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Wednesday, November 28, 2012

2 Mansfielders in Ohio plead guilty in embezzlement of $2 million


Two Mansfield men pleaded guilty Monday in U.S. District Court in Cleveland to charges involving embezzlement and fraud totaling $2.1 million.
Kevin J. Moore, 35, former manager of the Huntington National Bank branch in Ontario and a KeyBank branch in Mansfield, pleaded guilty to one count of bank embezzlement, two counts of wire fraud and three counts of tax evasion.
He was represented at a hearing scheduled for 1:45 p.m. by attorney Roger M. Synenberg of Cleveland.
As part of the plea agreement, Moore agreed to pay an undetermined amount of restitution to victims. Those could include the banks, the Federal Deposit Insurance Corp. (which insures banks) and a man who was defrauded of $360,000 in a phony investment scheme, according to Robert J. Patton and Christian H. Stickan, of the Office of the U.S. Attorney.
While Moore’s assets have not yet been gauged, the probation department will look into that issue.
“He’ll be under an obligation to make that repayment,” Stickan said. “They are going to try to explore what assets are available. I don’t want to give anybody any false hopes that there’s a gold mine.”
During Monday’s 45-minute hearing, Randy L. Meister, 60, a friend of Moore’s, pleaded guilty to one charge, misprision of a felony (becoming aware of a crime and helping to conceal it), with bond set at $10,000. He was represented by a public defender.
The men, both Mansfield residents, were arraigned before Magistrate Nancy A. Vecchiarelli. Sentencing will be March 13, before Judge Christopher Boyko.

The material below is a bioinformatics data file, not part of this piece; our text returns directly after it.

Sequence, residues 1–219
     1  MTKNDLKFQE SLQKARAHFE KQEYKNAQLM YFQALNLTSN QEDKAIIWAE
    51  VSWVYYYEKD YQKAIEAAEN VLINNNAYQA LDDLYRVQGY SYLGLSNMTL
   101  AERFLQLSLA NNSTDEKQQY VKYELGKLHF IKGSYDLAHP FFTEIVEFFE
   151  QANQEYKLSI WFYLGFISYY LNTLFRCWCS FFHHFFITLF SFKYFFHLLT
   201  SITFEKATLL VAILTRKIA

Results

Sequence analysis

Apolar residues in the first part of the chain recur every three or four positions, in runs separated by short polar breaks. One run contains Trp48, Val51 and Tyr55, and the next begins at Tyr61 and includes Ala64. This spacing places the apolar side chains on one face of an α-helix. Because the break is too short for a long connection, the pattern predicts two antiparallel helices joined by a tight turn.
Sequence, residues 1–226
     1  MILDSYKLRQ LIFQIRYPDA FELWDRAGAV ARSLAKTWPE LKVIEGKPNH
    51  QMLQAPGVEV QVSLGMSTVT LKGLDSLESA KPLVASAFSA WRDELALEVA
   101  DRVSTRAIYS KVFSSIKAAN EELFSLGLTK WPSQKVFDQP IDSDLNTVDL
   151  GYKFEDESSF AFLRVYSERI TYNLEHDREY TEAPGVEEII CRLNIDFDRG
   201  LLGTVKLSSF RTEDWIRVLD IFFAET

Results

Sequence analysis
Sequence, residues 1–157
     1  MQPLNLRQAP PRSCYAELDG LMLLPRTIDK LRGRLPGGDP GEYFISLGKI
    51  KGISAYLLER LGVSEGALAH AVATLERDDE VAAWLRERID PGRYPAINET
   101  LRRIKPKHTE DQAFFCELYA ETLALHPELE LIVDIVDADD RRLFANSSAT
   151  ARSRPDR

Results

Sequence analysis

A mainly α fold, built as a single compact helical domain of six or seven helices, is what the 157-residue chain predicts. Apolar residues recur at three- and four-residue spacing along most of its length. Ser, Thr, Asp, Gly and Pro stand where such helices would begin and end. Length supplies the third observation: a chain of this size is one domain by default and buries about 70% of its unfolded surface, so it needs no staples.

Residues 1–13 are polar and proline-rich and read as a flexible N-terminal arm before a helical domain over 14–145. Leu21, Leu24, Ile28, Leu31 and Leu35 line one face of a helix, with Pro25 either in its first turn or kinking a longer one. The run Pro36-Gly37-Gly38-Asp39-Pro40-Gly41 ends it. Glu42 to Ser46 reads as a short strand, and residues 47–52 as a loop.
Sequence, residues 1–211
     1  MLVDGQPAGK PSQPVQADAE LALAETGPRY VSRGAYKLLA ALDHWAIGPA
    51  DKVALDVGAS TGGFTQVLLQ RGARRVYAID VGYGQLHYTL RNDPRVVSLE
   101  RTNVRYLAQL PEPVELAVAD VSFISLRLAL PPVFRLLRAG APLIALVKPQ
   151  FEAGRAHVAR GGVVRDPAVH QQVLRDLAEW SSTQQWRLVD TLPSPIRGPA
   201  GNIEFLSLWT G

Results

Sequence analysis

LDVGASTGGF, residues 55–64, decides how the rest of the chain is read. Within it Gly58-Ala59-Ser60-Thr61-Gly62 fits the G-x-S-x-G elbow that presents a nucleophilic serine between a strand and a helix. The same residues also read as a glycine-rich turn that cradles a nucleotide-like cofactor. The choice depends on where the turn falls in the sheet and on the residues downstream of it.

Bond was set at $20,000 for Moore and $10,000 for Meister, with both men on supervision until sentencing.
A bill of information filed by the U.S. Attorney’s office charged that Moore, while working as manager of Huntington National Bank on Village Park Court South in Ontario between August 2008 to November 2010, embezzled about $1.7 million from Huntington and its CD and annuity customers.
Moore met with Huntington customers who wanted to open or renew accounts, then pocketed the money — targeting certificates of deposit (CDs) and investments in annuities because the bank did not then send customers monthly statements for those types of accounts. The plea agreement says he offered customer phony inflated interest rates the bank would not actually provide, to entice them to keep their money in those accounts — and “flipped” money from other accounts when customers decided to cash out.
“He was telling (bank tellers) that customers were coming in and taking out the money,” Stickan said. “It’s a pretty sophisticated process. He certainly knew what he was doing when he did it.”
The information also charged Moore with three counts of tax violations for evading taxes for calendar years 2008, 2009, and 2010 in connection with that scheme. The IRS believes Moore owed more $514,720 in taxes on unreported income of $1.72 million from those three years.